Immortality: the notion that one lives on past this life, thus helping us mere mortals digest the fear and grief brought on by death. Heavy investments of inestimable wealth into the unwavering belief that the afterlife exists has produced hugely lavish art, including majestic sculptures, tombs and precious artifacts.
The Han Dynasty, China’s second imperial family as of 206 BCE, was one such group of believers. The enormous wealth that awaited family members upon their passing would surely make one relish the chance to expire. Intricate burial chambers, kitchens, concubines and rooms crammed with the most precious of gems were just the tip of the iceberg, with reports of sacrificing the servants of certain VIPs to ensure they weren’t left alone in the afterlife. (Let’s hope you read the small-print of that employment contract).
Practices such as coating the body in jade was a technique used for the prevention of ‘demon’ attacks (i.e. the natural decomposition) and has left us with some stunning art. This jade suit, from 2nd century BCE, is from the tomb at Xuzhou and consists of 4000 jade pieces:
In today’s society, as I remain caged within the confines of what is arguably new-age greed, insolence and skepticism, my initial thought was “what a waste”. Those jade pieces (as well as the rest of the gold, silver, bronze, elephant tusks and ceramics accompanying the corpse) would surely better serve someone still living. Considering belief in the afterlife was a spiritual matter, did it really concern the physical body to this expensive extent?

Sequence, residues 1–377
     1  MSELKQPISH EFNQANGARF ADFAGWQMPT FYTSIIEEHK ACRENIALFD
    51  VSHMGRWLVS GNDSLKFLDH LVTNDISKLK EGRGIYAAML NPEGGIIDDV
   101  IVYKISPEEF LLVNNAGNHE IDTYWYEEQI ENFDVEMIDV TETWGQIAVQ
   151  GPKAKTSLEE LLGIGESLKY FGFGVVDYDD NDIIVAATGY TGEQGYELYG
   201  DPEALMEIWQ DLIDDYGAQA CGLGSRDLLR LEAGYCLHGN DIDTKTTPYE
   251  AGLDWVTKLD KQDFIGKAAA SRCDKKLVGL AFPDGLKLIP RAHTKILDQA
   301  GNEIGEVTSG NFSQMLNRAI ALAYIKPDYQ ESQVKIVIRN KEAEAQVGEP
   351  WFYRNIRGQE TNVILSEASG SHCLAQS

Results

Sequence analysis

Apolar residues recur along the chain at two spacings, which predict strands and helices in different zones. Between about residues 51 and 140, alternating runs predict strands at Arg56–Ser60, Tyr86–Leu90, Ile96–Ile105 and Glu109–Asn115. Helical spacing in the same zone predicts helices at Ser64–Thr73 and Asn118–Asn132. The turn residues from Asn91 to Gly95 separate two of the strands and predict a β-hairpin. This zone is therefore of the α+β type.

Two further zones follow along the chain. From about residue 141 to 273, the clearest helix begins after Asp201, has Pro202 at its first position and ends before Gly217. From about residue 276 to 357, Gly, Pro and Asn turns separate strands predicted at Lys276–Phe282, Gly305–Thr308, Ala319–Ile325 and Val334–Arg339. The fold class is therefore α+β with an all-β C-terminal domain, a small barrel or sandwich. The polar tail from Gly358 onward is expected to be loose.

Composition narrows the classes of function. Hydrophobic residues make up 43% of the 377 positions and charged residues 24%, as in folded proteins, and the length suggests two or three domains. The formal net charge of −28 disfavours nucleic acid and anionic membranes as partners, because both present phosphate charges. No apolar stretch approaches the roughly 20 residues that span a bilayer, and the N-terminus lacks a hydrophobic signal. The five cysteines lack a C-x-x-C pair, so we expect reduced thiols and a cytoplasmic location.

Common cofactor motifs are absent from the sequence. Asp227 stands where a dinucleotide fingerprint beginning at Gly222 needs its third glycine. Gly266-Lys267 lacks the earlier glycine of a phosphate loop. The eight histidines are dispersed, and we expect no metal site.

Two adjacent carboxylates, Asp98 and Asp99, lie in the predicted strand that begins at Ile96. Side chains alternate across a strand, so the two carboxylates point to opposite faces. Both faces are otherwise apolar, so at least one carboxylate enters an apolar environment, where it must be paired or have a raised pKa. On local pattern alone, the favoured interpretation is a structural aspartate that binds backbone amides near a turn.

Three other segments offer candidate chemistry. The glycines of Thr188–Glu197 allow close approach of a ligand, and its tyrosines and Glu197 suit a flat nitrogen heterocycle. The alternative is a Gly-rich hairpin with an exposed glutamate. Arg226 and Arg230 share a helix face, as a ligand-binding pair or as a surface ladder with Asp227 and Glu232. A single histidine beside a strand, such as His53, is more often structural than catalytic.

Of course, it’s easy to mock the conventional sentiments of the past from our perch at the peak of scientific knowledge, but, on second thought, perhaps we aren’t so different. Would we be comfortable burying our relatives without a funeral? Maybe, like us, the ‘no expense spared’ mantra we apply to the newly deceased is really more for the comfort of the living, who can revel in the knowledge that their loved one is enjoying the lap of luxury somewhere.
Preparing for immortality: superstitious mumbo-jumbo or money well spent?
If you want to learn more the ancient Chinese tombs, visit The Search for Immortality: Tomb Treasures of Han China exhibition at the Fitzwilliam Museum, London. Entry is free. Alternatively, pick up our Chinese Porcelain ebook, for some further insight into Chinese artist heritage.